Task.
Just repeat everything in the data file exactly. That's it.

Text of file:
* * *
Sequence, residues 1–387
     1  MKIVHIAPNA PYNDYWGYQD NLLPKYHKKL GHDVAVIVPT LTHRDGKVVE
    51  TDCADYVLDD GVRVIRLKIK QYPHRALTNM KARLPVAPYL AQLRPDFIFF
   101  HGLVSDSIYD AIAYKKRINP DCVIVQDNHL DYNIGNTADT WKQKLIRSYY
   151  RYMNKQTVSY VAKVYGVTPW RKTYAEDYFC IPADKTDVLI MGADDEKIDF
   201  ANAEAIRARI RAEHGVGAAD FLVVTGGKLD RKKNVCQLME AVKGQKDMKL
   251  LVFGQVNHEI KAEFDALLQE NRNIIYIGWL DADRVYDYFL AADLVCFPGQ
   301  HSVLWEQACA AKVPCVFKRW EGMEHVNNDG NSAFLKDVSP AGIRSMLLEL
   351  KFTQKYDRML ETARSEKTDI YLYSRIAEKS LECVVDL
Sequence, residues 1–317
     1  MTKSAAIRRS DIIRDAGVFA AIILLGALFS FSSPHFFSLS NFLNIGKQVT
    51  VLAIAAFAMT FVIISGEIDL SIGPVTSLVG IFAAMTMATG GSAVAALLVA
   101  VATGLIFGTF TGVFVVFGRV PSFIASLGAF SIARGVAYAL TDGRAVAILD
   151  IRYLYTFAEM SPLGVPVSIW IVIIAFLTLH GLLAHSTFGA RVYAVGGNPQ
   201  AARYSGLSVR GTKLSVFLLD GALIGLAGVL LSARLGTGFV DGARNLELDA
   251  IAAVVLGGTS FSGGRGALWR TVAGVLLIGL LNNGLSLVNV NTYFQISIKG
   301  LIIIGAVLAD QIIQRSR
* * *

Sequence, residues 1–387
     1  MKIVHIAPNA PYNDYWGYQD NLLPKYHKKL GHDVAVIVPT LTHRDGKVVE
    51  TDCADYVLDD GVRVIRLKIK QYPHRALTNM KARLPVAPYL AQLRPDFIFF
   101  HGLVSDSIYD AIAYKKRINP DCVIVQDNHL DYNIGNTADT WKQKLIRSYY
   151  RYMNKQTVSY VAKVYGVTPW RKTYAEDYFC IPADKTDVLI MGADDEKIDF
   201  ANAEAIRARI RAEHGVGAAD FLVVTGGKLD RKKNVCQLME AVKGQKDMKL
   251  LVFGQVNHEI KAEFDALLQE NRNIIYIGWL DADRVYDYFL AADLVCFPGQ
   301  HSVLWEQACA AKVPCVFKRW EGMEHVNNDG NSAFLKDVSP AGIRSMLLEL
   351  KFTQKYDRML ETARSEKTDI YLYSRIAEKS LECVVDL
Sequence, residues 1–317
     1  MTKSAAIRRS DIIRDAGVFA AIILLGALFS FSSPHFFSLS NFLNIGKQVT
    51  VLAIAAFAMT FVIISGEIDL SIGPVTSLVG IFAAMTMATG GSAVAALLVA
   101  VATGLIFGTF TGVFVVFGRV PSFIASLGAF SIARGVAYAL TDGRAVAILD
   151  IRYLYTFAEM SPLGVPVSIW IVIIAFLTLH GLLAHSTFGA RVYAVGGNPQ
   201  AARYSGLSVR GTKLSVFLLD GALIGLAGVL LSARLGTGFV DGARNLELDA
   251  IAAVVLGGTS FSGGRGALWR TVAGVLLIGL LNNGLSLVNV NTYFQISIKG
   301  LIIIGAVLAD QIIQRSR